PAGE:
Livingstone-Macleod is a provincial electoral district in Alberta, Canada. The district is one of 87 current districts in the province mandated to return a single member to the Legislative Assembly of Alberta using the first past the post method of voting; the electoral district located in rural southwestern Alberta was created with minimal boundary changes in the 1997 boundary re-distribution from the old riding of Pincher Creek-Macleod. The district is named after the town of Fort Macleod; the district contains the communities of Pincher Creek and the municipality of the Crowsnest Pass. The district and its antecedent have been favorable to electing Progressive Conservative candidates in the past few decades, but this history was broken in the Alberta general election, 2012 when Wildrose candidate Pat Stier was elected; the electoral district was created in the 1996 boundary redistribution from the old electoral district of Pincher Creek-Macleod. Significant changes were made to the district in the 2010 boundary redistribution.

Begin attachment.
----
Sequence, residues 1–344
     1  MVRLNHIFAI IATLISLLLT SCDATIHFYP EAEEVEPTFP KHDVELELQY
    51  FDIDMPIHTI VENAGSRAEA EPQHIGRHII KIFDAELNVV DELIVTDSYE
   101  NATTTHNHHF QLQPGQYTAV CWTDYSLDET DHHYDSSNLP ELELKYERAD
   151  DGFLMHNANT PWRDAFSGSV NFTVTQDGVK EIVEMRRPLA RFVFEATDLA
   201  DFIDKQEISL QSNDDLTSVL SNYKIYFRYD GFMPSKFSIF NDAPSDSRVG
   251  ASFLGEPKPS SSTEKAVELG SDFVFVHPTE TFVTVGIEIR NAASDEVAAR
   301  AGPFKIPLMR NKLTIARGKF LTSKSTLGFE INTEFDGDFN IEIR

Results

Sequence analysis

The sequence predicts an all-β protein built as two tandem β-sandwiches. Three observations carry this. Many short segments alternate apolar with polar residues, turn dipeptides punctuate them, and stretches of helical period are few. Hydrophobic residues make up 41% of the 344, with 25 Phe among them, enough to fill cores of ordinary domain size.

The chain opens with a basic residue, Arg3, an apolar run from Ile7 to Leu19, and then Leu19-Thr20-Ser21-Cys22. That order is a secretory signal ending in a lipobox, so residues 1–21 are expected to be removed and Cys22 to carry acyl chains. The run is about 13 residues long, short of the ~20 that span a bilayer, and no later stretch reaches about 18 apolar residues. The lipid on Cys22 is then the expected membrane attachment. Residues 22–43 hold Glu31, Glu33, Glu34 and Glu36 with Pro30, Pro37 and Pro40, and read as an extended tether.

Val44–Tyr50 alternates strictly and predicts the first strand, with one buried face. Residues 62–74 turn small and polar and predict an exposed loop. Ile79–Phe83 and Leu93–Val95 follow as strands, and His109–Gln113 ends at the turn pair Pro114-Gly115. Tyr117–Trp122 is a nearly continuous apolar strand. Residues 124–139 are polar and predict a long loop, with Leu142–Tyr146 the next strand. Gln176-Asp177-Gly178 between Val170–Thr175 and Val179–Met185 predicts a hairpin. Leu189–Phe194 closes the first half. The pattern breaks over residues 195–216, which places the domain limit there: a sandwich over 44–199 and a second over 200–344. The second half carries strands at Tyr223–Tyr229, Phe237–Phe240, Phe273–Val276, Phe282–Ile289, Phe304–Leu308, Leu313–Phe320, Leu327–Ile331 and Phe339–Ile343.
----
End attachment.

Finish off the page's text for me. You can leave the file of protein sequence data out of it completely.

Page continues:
The Blood Reserve was transferred to the electoral district of Cardston-Taber-Warner while land south of the town of High River, in Highwood as well as a portion of land in that constituency in the north west and the portion of land, part of the abolished Foothills-Rocky View electoral district south of Tsuu T'ina Nation was transferred into the electoral district. The electoral district was created in the 1997 boundary redistribution; the election held that year saw Pincher Creek-Macleod Progressive Conservative incumbent David Coutts win more than half the popular vote over Liberal candidate Ernie Patterson to pick up the seat for his party. The two would face each other again in the 2001 general election. Coutts would be re-elected with a larger majority to win his third term in office. Coutts won his fourth term in the 2004 election taking just over half of the popular vote in the riding, he retired from office at dissolution of the assembly in 2004. The second representative of the district was Progressive Conservative MLA Evan Berger.